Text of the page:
Tuesday, 28 July 2020

Parallel Computing Terminologies

                    Following are the terminologies used in Parallel Computing:

                 Introduction to Parallel Computing, Second Edition, by Ananth Grama , Anshul Gupta , George Karypis , Vipin Kumar

1. Decomposition
                    The process of dividing a computation into smaller parts, some or all of which may potentially be executed in parallel, is called decomposition.

2. Task
                    Tasks are programmer-defined units of
computation into which the main computation is subdivided by means of decomposition.

3. Task Dependency Graph
                    A task-dependency graph is a directed acyclic graph in which the nodes represent tasks and the directed edges indicate the dependencies amongst them. 
                    The task corresponding to a node can be executed when all tasks connected to this node by incoming edges have completed. 
                    Task-dependency graphs can be disconnected and the edge set of a task-dependency graph can be empty e.g. in Task Dependency Graph of Vector Matrix multiplication, there are no edges as all computations are independent. 

e.g. Task Dependency Graph for "Finding minimum element among 23,12,9,30,37,27,8,17":

4. Granularity
                    The number and size of tasks into which a problem is decomposed determines the granularity
of the decomposition. 

Smaller Granularity:

Larger Granularity

Note: Concurrency usually increase as the granularity of tasks becomes smaller (finer).

5. Fine Grained Decomposition
                     A decomposition into a large number of small tasks is called fine-grained. 

6. Coarse Grained Decomposition
                     A decomposition into a small number of large tasks is called coarse-grained. 

7. Concurrency
                    Executing multiple tasks simultaneously, is called concurrency.

8. Maximum Degree of Concurrency
                     The maximum number of tasks that can be executed simultaneously in a parallel program at any given time is known as its maximum degree of concurrency.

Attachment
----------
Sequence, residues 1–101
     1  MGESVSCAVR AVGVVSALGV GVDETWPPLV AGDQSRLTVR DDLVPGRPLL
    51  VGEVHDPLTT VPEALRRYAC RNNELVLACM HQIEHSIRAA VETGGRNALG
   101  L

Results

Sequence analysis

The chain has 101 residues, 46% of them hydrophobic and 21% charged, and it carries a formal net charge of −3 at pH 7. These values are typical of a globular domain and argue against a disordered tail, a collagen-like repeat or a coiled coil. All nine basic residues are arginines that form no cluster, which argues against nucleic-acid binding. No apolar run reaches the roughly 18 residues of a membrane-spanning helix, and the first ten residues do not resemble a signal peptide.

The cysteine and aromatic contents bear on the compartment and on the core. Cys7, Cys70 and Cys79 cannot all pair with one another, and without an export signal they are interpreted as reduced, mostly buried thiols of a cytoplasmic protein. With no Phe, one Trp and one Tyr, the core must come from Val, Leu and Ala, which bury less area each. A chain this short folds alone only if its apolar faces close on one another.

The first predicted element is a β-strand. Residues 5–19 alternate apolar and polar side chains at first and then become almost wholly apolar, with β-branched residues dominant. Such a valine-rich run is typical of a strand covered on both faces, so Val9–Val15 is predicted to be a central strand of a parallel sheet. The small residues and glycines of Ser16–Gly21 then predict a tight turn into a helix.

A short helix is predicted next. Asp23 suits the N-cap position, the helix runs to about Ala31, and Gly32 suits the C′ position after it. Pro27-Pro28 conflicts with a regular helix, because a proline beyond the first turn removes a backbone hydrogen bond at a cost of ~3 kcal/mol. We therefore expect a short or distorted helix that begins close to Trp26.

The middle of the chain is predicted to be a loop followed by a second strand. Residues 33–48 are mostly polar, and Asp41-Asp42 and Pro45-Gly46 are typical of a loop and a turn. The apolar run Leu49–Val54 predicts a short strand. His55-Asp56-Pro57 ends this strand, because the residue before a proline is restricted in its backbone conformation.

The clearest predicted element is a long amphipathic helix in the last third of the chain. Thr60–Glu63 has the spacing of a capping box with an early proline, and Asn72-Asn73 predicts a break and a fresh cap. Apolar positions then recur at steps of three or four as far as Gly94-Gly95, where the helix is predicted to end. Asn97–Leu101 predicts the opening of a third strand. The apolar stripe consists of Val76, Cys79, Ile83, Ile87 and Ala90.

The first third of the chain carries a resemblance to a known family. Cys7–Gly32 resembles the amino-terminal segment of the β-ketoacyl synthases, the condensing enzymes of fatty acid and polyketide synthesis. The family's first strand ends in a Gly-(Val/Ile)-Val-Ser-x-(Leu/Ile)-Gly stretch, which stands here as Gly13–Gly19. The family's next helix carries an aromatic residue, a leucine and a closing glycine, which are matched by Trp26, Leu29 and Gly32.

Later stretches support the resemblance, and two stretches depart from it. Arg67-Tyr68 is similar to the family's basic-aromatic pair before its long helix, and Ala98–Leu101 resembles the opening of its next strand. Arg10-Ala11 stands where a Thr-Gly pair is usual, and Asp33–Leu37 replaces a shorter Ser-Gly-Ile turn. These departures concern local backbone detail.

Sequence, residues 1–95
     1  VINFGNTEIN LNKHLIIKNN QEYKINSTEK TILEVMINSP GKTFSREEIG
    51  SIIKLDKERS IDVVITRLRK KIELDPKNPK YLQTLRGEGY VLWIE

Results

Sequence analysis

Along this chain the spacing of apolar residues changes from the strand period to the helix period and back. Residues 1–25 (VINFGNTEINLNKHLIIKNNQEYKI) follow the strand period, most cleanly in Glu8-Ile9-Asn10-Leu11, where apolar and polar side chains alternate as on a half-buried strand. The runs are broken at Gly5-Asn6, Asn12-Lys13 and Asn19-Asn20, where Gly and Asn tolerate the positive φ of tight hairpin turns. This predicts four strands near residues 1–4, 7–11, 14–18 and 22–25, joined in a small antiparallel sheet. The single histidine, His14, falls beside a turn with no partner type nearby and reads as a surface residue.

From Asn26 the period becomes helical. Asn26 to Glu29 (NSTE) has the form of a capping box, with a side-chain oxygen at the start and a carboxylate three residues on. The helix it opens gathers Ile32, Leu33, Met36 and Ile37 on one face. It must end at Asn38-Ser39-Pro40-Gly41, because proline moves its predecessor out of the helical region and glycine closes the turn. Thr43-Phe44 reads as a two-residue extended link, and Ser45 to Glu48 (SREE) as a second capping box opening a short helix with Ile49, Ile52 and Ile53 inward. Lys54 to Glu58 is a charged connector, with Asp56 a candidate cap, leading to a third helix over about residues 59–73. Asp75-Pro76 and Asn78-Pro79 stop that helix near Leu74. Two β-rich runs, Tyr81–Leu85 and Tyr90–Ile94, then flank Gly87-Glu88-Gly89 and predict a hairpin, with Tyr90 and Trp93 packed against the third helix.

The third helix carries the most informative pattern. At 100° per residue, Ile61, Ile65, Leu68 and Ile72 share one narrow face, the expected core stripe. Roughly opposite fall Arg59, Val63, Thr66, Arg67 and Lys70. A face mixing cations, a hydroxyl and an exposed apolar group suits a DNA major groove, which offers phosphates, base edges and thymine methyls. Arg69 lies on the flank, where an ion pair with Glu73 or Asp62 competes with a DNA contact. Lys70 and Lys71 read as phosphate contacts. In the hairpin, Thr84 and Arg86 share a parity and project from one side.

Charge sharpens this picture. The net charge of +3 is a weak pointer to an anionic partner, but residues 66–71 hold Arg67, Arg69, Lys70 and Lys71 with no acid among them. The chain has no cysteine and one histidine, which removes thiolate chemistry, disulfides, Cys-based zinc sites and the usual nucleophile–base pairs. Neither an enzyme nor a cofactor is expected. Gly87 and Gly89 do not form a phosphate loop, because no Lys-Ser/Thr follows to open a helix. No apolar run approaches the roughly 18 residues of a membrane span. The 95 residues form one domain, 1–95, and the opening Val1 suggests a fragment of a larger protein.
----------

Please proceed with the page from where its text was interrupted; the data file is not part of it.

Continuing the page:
In most cases, the maximum degree of concurrency is less than the total number of tasks due to dependencies among the tasks.
                     In general, for task dependency graphs that are trees, the maximum degree of concurrency is always equal to the number of leaves in the tree.


                     In above example, Maximum Degree of Concurrency is 4.

9. Average Degree of Concurrency
                     It is the average number of tasks that can run concurrently over the entire duration of execution of the program. 

Note: Both the maximum and the average degrees of concurrency usually increase as the granularity of tasks becomes smaller (finer).

10. Critical Path
                     A feature of a task-dependency graph that determines the average degree of concurrency for a given granularity is its critical path. 
                     In a task-dependency graph, let us refer to the nodes with no incoming edges by start nodes and the nodes with no outgoing edges by finish nodes. The longest directed path between any pair of start and finish nodes is known as the Critical Path.

11. Critical Path Length 
                     The sum of the weights of nodes along critical path is known as the critical path length, where the weight of a node is the size or the amount of work associated with the corresponding task.

Average Degree of Concurrency = Total Amount of Work / Critical Path Length 

e.g. 1.

Total Amount of Work=63
Critical Path Length=27
Average Degree of Concurrency=63/27=2.33

e.g. 2.

Total Amount of Work=64
Critical Path Length=34
Average Degree of Concurrency=64/34=1.88

12. Speedup

Speedup = Serial Execution Time / Parallel Execution Time 

13. Task Interaction Graph
                     The nodes in a task-interaction graph represent tasks and the edges connect tasks that interact with each other.

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